Iran is working covertly with Sudan to avoid a U.N. resolution calling for Khartoum to surrender three Egyptian terrorists it is believed to be harboring.
The terrorists are wanted by Ethiopia for their suspected role in the assassination attempt on Egyptian President Hosni Mubarak last year at a summit in Ethiopia's capital, Addis Ababa.
According to U.S. intelligence sources, Iran last month urged Sudan to carry out a scheme to avoid the U.N. demand, made in a Security Council resolution, to turn over the terrorists.
U.S. officials said the intelligence information about the plot is a clear sign of Iran's continuing role in sponsoring terrorism and its cooperation in turning Sudan into a logistical and financial center for international terrorism.
Islamic terrorism and its backers are topics of the Summit of Peacemakers in Egypt today.
Several members of Hamas, which has claimed credit for four suicide bombings in Israel since Feb. 25, received training in Sudan, U.S. officials said.
The United States placed Sudan on its list of terrorism sponsors in 1993. Along with Hamas, which has an office in Khartoum, terrorists from Hezbollah, the Abu Nidal group, the Popular Front for the Liberation of Palestine and the Algerian Islamic Salvation Front operate from Sudan.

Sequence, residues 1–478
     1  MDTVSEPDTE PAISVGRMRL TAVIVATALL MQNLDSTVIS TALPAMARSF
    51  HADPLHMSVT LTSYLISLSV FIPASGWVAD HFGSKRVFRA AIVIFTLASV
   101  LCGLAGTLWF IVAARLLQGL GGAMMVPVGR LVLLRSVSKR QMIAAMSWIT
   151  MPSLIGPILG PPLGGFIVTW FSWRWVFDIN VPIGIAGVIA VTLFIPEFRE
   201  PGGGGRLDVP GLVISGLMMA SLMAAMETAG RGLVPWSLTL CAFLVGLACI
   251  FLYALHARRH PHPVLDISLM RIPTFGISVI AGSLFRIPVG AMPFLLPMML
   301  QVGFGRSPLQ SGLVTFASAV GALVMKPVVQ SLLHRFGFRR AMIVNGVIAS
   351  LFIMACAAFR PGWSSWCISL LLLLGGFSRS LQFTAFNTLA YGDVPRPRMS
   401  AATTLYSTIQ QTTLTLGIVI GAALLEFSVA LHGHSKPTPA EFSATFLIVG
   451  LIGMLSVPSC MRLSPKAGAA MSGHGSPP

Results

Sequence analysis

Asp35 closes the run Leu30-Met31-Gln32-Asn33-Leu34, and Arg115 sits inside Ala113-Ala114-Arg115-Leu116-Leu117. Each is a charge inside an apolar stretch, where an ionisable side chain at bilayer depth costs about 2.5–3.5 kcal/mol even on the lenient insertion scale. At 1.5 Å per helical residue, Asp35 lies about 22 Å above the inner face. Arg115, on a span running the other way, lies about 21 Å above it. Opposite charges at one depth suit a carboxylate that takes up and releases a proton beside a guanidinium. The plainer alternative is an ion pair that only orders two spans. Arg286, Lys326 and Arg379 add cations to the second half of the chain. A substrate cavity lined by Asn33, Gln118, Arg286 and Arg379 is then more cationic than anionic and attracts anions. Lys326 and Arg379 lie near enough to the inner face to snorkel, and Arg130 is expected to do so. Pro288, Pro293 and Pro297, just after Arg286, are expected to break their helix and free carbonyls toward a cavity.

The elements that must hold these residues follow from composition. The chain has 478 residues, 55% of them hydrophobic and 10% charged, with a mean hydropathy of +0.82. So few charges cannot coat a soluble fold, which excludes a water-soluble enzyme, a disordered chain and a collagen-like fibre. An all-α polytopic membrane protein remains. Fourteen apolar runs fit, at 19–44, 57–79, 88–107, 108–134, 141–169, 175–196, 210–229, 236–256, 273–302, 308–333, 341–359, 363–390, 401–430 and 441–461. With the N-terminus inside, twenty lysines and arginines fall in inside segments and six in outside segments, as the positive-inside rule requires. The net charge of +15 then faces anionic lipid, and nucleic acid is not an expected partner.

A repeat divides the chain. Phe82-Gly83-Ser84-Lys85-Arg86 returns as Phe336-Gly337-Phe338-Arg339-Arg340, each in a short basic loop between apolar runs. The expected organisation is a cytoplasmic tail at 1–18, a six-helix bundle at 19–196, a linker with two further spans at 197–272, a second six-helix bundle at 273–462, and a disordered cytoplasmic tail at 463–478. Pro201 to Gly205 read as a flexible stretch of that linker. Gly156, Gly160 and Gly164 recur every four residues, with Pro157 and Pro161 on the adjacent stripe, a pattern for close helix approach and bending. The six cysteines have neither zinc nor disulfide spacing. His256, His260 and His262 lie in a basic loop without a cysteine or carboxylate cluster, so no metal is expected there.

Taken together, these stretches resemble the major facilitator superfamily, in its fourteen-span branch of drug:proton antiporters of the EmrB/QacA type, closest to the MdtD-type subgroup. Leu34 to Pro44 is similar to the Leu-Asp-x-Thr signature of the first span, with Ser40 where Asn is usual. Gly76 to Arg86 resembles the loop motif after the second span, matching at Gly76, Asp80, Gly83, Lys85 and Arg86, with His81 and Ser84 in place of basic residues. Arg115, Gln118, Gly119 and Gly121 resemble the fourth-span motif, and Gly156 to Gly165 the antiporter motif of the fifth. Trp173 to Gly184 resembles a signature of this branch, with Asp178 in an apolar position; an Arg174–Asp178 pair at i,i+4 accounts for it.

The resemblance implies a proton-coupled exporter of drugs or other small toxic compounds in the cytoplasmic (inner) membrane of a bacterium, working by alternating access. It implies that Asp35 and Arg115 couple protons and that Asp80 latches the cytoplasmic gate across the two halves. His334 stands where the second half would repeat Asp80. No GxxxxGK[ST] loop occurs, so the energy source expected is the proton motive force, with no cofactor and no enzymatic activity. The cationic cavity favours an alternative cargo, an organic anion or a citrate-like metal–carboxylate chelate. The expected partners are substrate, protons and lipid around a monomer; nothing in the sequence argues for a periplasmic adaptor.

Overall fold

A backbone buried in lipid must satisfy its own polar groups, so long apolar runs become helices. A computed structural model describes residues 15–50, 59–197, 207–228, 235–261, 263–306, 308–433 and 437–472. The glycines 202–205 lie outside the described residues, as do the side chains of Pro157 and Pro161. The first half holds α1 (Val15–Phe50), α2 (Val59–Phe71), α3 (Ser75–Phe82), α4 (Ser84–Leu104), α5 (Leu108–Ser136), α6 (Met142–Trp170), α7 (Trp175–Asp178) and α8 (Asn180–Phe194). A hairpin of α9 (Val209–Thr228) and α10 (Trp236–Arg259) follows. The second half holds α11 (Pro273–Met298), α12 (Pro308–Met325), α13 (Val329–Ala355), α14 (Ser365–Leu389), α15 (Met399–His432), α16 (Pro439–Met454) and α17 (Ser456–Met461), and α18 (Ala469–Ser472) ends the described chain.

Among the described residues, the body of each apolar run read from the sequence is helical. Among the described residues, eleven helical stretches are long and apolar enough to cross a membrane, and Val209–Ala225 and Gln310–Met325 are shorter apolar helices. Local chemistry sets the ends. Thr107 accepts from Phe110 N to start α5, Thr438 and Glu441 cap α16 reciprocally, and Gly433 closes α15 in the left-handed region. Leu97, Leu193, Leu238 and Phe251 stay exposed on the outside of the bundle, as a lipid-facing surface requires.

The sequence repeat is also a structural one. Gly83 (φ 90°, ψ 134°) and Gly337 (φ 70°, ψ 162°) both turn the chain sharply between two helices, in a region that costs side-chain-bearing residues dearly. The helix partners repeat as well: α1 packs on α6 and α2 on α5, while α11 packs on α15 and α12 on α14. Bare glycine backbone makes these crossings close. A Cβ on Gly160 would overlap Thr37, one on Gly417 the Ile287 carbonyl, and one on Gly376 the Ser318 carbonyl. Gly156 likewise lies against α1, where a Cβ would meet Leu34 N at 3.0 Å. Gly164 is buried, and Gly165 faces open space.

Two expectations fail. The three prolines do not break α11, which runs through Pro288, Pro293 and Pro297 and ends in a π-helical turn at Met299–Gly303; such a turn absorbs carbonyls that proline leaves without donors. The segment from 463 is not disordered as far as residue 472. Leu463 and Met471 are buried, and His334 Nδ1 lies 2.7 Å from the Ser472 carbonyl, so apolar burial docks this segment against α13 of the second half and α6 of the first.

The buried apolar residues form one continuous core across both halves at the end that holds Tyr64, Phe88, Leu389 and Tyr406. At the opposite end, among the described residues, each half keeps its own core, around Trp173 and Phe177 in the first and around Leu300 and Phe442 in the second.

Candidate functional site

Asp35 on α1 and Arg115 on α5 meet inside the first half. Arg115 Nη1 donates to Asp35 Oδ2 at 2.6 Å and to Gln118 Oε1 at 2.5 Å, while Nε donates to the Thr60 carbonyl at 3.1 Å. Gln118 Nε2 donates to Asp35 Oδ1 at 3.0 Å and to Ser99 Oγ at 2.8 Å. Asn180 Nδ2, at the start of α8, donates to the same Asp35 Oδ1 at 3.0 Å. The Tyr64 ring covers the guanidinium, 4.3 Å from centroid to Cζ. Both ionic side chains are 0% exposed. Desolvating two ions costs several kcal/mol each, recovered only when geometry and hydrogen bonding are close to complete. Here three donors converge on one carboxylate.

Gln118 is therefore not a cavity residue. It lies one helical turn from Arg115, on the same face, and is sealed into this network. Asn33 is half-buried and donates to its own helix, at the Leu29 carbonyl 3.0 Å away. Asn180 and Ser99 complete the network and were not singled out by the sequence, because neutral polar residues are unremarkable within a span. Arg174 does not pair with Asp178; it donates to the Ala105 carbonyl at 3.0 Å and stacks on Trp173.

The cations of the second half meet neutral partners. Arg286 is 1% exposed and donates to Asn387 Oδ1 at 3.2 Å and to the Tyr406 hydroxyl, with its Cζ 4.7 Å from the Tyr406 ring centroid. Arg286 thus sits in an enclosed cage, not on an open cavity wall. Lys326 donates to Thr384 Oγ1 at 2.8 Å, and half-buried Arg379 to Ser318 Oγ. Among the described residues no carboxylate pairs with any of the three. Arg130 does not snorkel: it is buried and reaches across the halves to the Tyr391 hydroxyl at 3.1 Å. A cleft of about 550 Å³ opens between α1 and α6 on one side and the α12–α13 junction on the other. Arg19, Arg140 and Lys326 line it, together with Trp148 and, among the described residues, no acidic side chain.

According to the intelligence sources, National Islamic Front leader Hassan Turabi recently persuaded some members of terrorist organizations based in Sudan to move outside the country temporarily. The Front is the ruling party in Sudan.
The relocation may be the result of the U.N. pressure on Sudan to halt its backing of terrorism.
The three terrorists believed to be in Sudan are identified as members of the Islamic Group, which is supported by Iran and Sudan and seeks the overthrow of the Mubarak government.
They are wanted by Ethiopia for their involvement in the June 26 machine-gun attack on the limousine carrying Mr. Mubarak, who was not harmed.
According to the sources, the Iranians …